Dear Administrator Bolden: 

I understand that you are in receipt of my letter dated February 24, 2016, regarding my continued concern about NASA’s Integrated Communications Service contract.  It is my hope that your agency is working expeditiously to answer the questions I raised in that letter, as I requested a written response by March 9, 2016.  It has taken nearly a month and a half for your agency to answer questions that basic accounting, a quick e-mail search, and general knowledge of your own agency’s policy directives and actions should have answered very quickly.

As I said in my previous letter, the issues I raise are very serious in nature and should not be dismissed.  I respectfully request again that you address the following questions and document requests:

     • Did NASA’s CSO Deputy Director direct project manager to single source a product called CISCO Identify Service Engine (CISCO ISE)?
          o If yes, why?
          o Did SAIC recommend and/or encourage the CSO in anyway regarding CISCO ISE?
     • Does NASA Policy Directive 7120.99 require NASA, or its contractors, to evaluate all market options, fully and fairly, for its procurements?
          o Are there waivers for Directive 7120.99? 
          o Was there a waiver provided relative to the procurement of CISCO ISE?
          o If yes, why?
          o Please provide me with a copy of any document or waiver that would authorize SAIC to disregard standard project management processes and procurement policies.
     • Are you aware of a $600,000 fee, or any fee, being paid to CISCO? 
          o If yes, why was this fee paid?
          o If yes, who paid the fee?
          o Was it paid from the EIB-NAC budget?
     • Please provide me with a copy of the EIB-NAC formulation authorization document. 
     • Is SAIC manager aware of a $600,000 fee paid to CISCO?
          o Has he sent or received e-mails referencing $600,000?
          o If he corresponded via e-mail with a government official about this fee, please provide the relevant e-mails to me. 

Thank you for your prompt attention to this matter, and I look forward to a reply very soon.

Sincerely,

F. James Sensenbrenner, Jr.                                                                       
Member of Congress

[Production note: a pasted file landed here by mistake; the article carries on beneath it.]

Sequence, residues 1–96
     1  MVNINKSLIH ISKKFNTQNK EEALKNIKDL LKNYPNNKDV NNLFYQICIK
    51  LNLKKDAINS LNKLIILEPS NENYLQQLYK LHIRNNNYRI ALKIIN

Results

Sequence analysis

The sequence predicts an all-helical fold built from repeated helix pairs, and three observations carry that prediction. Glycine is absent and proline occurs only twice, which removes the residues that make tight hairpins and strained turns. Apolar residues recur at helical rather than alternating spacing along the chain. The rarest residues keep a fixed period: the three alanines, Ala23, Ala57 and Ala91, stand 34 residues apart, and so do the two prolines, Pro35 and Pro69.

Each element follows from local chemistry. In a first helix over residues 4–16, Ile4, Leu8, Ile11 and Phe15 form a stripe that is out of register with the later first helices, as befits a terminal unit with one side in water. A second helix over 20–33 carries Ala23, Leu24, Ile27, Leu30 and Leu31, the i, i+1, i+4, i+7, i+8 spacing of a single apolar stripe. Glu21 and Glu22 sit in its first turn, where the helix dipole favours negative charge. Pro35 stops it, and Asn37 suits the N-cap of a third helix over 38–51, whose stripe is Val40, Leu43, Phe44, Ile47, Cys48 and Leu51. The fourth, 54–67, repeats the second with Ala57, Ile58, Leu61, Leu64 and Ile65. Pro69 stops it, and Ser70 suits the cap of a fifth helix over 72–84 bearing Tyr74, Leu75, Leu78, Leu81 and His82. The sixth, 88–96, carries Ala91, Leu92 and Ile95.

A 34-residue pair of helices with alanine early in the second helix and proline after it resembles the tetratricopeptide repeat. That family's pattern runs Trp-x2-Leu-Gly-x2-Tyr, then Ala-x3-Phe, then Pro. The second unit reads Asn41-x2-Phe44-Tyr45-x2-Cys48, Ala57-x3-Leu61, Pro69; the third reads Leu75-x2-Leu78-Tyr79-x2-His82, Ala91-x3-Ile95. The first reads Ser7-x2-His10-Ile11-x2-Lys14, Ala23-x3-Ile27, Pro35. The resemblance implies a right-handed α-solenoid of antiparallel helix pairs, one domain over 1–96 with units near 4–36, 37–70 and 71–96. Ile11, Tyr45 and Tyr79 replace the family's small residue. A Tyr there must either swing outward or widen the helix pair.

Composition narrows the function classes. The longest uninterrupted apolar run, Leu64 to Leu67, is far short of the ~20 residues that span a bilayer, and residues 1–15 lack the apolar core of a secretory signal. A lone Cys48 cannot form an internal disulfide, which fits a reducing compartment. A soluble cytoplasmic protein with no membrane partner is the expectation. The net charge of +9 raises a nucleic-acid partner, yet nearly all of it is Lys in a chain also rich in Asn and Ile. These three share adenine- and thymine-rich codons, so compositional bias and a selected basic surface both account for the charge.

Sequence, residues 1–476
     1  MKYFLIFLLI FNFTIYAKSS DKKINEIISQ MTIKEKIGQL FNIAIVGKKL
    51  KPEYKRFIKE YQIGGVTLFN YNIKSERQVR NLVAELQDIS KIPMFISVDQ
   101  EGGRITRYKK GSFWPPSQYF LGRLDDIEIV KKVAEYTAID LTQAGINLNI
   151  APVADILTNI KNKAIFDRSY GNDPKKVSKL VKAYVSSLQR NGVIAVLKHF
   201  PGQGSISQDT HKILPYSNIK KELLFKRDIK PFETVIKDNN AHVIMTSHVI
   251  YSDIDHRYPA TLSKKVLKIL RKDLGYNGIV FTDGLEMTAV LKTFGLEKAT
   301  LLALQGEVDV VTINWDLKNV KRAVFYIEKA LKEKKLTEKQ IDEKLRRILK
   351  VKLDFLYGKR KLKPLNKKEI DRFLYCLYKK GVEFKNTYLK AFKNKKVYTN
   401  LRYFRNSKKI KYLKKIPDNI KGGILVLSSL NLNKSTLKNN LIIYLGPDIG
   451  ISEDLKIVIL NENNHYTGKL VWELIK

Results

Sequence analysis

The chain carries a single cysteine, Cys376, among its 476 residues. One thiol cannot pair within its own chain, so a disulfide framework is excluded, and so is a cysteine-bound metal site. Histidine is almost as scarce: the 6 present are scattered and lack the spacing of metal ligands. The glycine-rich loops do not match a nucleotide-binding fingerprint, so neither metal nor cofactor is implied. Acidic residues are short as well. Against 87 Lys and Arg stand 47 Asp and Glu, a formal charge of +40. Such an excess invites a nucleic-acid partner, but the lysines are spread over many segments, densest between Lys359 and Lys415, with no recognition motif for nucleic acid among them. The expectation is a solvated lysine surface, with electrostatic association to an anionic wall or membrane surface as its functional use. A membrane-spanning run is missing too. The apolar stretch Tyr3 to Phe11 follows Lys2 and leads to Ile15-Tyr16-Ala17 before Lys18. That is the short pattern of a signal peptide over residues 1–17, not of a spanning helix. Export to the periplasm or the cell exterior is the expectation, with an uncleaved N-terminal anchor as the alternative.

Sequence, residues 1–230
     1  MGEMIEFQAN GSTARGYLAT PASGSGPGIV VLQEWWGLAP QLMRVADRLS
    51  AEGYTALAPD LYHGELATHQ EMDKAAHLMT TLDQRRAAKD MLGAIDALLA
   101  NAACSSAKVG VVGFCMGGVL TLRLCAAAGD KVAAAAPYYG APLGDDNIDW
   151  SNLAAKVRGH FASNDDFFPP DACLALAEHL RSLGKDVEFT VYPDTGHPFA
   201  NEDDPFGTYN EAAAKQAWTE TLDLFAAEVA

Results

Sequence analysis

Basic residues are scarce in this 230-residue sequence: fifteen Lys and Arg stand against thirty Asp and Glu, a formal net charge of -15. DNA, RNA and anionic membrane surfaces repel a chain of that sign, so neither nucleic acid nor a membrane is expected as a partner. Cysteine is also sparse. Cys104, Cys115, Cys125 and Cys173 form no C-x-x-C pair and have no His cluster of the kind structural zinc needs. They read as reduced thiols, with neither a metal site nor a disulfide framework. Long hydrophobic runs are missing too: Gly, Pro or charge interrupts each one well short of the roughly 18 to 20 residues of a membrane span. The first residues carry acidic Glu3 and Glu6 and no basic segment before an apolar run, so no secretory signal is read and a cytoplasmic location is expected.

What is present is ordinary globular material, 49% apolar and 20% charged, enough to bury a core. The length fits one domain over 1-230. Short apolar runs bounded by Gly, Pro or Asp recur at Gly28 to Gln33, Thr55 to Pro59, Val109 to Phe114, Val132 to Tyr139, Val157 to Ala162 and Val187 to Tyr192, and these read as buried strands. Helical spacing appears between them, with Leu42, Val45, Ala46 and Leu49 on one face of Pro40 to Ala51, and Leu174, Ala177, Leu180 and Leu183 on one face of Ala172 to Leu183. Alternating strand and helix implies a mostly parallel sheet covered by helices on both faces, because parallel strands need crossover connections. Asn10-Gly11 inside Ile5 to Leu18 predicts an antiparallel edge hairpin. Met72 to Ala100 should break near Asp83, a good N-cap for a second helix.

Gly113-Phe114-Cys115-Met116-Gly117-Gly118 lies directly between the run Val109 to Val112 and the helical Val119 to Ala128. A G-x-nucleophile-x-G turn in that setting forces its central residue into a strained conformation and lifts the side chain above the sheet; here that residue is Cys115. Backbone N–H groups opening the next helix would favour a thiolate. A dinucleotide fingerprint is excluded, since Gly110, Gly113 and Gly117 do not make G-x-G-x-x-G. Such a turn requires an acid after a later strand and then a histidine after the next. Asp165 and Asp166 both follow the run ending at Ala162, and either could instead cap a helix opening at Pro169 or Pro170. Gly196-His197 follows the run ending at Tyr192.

DURING my 10 years in the Wisconsin State Legislature, I spent significant time in Milwaukee’s majority black neighborhoods. I listened as constituents described obstructions to their constitutional right to vote.

In those days I came to believe that we needed a strong Voting Rights Act. Our credibility as elected officials depends on the fairness of our elections. So after joining Congress, I supported the law’s reauthorization in 1982, and, as chairman of the House Judiciary Committee, I led successful efforts to reauthorize it in 2006.

In 2013, the Supreme Court struck down a portion of this most recent authorization. If Congress doesn’t act soon, 2016 will be the first time since 1964 that the United States will elect a president without the full protections of the law. Modernizing the act to address the Supreme Court’s concerns should be one of Congress’s highest priorities.

Enacted in 1965, the Voting Rights Act began a healing process that ameliorated decades of discrimination. It is vital to this country’s commitment to never again permit racial prejudice to determine who has access to a ballot.

One of the law’s core protections is its preclearance system. Before the law’s passage, states and local governments would discriminate against minority voters, Congress or courts would ban the discriminatory practices, and states would find new ways to discriminate.

Preclearance sought to remedy that problem by requiring states and localities with a documented history of discrimination to allow the federal government to review certain changes to voting practices before they are implemented. There is no adequate remedy for voter discrimination after an election because there is no way to know who would have won absent discrimination. Preclearance prevents discrimination before it affects elections.

During the 2006 reauthorization, the Judiciary Committees held about 20 hearings. Congress amassed a legislative record of more than 15,000 pages in which it documented discrimination and demonstrated “the continued need for federal oversight.” Both the 1982 and 2006 reauthorizations, however, maintained the same 1965 criteria, later updated in the 1970s, for determining which states would be subject to preclearance.

In 2013, the Supreme Court held in Shelby County v. Holder that while preclearance was a constitutional response to voter discrimination, it was also unconstitutional to apply it to states based on a decades-old formula. A result is that very few jurisdictions are subject to preclearance today. The law’s strongest protections have been rendered meaningless.

I introduced the Voting Rights Act of 2015 as a response to that decision. When the justices handed down the ruling, nine states, mostly in the Deep South, as well as parts of six other states, had to preclear their voting changes with the government. My bill would modernize the act so that the preclearance rules applied equally to every state in the country.

Under the bill, a state or jurisdiction could be subject to preclearance if a court ruled that it had discriminated against voters on the basis of race five or more times in the most recent 15 years. States that stopped discriminating automatically would fall out of the bill’s protections; states that started discriminating would fall in.